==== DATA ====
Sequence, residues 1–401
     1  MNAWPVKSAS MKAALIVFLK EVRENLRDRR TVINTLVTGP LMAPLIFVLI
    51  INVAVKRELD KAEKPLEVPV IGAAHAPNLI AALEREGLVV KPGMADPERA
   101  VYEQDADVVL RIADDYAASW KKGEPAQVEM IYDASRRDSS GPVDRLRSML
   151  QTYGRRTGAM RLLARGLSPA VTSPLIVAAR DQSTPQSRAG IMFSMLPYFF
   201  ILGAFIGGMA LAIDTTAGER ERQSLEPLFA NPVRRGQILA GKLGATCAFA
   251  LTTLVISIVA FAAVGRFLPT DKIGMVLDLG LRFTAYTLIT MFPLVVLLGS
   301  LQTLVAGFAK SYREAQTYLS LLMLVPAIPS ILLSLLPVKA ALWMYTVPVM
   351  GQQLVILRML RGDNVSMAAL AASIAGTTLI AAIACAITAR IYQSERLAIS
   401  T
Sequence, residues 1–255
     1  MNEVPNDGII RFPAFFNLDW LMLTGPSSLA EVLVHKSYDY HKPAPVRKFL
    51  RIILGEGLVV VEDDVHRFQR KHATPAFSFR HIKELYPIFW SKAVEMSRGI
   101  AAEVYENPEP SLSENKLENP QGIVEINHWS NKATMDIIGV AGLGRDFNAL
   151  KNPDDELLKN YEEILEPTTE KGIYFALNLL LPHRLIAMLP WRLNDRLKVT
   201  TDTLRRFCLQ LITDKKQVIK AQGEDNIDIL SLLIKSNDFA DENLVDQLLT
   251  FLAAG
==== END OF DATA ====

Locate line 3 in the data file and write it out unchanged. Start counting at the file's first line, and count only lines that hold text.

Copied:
    51  INVAVKRELD KAEKPLEVPV IGAAHAPNLI AALEREGLVV KPGMADPERA